Reopening of Schools Amid COVID-19: What Will Be The Implications?

While the government has allowed schools to reopen, it is for the parents to decide what is best for their children.

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Education
4 min read
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The COVID-19 pandemic that hit the world out of the blue has reached a ‘fever pitch’. Cases of infections are soaring while economies are deteriorating; businesses are going under the bus; a liquidity crisis ails the entire global marketplace; and people are facing a financial crunch like never before.

Meanwhile the best minds of the world are trying to figure out a solution, but it seems that even by the most generous estimates, we are still quite some time away from having a definitive cure or vaccine on our hands.

Amid all this, the Ministry of Health and Family Welfare has allowed a phased reopening of schools and colleges from 21st September.

By means of a notice on Tuesday, the ministry has also permitted the reopening of schools for classes 9 to 12 on a “voluntary basis”.

In such a scenario, an important question comes to the light: what must we do as a nation?

Should we hunker down, bite the bullet and wait for the crisis to pass, or should we learn to live with the virus and continue our lives by being cautious and careful?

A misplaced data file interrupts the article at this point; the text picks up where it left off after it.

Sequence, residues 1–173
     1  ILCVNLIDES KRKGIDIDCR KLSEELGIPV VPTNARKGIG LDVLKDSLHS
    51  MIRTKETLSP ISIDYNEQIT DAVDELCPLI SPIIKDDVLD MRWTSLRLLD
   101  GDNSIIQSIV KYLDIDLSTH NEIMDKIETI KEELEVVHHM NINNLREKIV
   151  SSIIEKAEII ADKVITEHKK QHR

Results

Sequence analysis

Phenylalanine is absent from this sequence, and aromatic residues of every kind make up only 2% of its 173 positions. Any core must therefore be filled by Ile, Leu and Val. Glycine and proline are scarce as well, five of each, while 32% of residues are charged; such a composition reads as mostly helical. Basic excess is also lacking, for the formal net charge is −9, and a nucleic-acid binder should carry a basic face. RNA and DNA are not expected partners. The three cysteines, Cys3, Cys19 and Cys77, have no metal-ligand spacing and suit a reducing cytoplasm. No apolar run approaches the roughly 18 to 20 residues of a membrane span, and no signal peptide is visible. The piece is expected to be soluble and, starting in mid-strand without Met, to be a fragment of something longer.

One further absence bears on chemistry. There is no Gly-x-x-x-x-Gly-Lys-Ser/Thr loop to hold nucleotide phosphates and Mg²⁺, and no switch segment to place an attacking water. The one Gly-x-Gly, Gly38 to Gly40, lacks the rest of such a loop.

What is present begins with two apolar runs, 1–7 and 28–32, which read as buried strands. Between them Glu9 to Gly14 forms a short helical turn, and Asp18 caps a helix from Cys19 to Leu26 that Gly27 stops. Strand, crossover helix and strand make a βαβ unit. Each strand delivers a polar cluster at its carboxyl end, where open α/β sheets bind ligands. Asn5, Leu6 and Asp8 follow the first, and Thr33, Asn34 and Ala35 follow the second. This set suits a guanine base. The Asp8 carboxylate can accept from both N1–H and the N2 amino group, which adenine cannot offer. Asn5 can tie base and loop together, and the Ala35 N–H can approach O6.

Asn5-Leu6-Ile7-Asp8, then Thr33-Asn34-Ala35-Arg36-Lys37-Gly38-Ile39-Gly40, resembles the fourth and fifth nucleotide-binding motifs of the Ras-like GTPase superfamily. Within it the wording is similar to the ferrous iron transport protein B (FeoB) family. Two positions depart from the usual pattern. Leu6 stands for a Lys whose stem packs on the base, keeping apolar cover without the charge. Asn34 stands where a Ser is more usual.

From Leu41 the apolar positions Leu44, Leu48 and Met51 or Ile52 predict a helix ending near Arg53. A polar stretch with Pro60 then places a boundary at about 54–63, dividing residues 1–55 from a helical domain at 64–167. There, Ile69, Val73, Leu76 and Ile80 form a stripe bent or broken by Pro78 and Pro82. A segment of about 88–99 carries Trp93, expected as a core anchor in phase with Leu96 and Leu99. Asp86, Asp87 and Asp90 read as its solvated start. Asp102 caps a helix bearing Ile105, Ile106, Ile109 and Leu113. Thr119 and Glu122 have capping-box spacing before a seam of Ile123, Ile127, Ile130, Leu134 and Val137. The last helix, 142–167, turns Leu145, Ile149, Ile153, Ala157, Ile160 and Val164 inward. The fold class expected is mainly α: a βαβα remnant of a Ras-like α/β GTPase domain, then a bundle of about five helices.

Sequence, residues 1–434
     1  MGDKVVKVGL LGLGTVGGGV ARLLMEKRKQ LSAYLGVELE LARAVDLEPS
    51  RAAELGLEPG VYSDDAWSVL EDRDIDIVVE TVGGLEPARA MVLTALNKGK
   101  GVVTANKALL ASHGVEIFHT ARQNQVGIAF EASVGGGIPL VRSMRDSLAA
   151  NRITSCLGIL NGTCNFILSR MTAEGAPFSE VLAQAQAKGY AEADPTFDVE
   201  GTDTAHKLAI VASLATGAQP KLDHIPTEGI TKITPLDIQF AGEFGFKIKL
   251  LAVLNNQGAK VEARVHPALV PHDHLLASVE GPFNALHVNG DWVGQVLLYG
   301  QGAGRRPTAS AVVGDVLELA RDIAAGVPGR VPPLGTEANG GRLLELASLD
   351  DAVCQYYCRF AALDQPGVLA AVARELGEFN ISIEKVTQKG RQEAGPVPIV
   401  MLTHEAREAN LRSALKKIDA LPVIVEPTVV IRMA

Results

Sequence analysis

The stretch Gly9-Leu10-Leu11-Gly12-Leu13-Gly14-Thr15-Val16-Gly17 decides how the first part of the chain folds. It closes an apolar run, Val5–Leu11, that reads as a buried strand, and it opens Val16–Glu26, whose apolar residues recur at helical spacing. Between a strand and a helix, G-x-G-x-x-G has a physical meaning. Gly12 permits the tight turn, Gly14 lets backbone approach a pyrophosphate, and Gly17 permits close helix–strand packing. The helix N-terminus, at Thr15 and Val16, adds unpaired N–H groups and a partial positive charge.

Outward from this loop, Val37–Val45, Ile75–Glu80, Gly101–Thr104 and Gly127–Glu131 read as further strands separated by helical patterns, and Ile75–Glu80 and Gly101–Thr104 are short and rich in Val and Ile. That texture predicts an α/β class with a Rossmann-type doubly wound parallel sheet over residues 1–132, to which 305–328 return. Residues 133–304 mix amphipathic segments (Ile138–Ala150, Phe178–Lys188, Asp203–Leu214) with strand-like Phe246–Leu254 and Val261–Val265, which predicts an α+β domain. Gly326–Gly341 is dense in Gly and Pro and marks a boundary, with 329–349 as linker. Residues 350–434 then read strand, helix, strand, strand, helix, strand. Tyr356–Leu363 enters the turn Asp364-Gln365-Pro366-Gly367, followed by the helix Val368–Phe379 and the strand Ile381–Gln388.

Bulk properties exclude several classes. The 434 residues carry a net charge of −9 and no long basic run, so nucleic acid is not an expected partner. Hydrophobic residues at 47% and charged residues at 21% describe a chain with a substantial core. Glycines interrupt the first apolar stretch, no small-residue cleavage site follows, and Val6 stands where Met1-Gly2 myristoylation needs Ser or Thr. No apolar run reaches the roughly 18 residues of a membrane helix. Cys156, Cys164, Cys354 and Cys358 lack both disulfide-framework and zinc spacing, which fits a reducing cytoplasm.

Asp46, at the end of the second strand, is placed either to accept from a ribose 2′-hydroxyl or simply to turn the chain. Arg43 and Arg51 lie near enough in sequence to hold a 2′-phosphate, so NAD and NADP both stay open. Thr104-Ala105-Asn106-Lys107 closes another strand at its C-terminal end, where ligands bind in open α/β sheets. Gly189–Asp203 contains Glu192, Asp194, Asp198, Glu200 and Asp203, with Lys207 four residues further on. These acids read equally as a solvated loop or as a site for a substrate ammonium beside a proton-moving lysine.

As is the case with difficult questions like this, opinion stands divided. Let us take a look at the different aspects of this decision.

Why Are We Opening The Schools?

While the online mode of teaching has been helping students continue with their education, it has its limitations.

First of all, it is no replacement for classroom learning as the teacher cannot effectively monitor each and every student on an online platform. Secondly, the quality of education delivered via online mode depends upon a lot of variables that cannot be controlled easily, such as the availability of smart devices and access to a fast internet connection.

Unfortunately, plenty of rural areas in our country do not have an access to internet, let alone a fast connection, and this has created major impedance in their educational journey.

While the students living in urban areas who have means to avail online education are able to continue their education, the underprivileged students have been deprived of proper education for months – which could negatively affect their careers and cause them to fall behind.

Another major drawback of the online mode of teaching is that it puts severe limitations on the ability of educators to indulge children in practical work – such as labs.

Many students who are into sports and are looking forward to establishing a career in the sport of their choice also feel anxious because they haven’t had the opportunity to improve and polish their skills in the past few months.

Even though schools have been allowed to open, the majority of parents are willing to wait for a vaccine before they send their children to schools.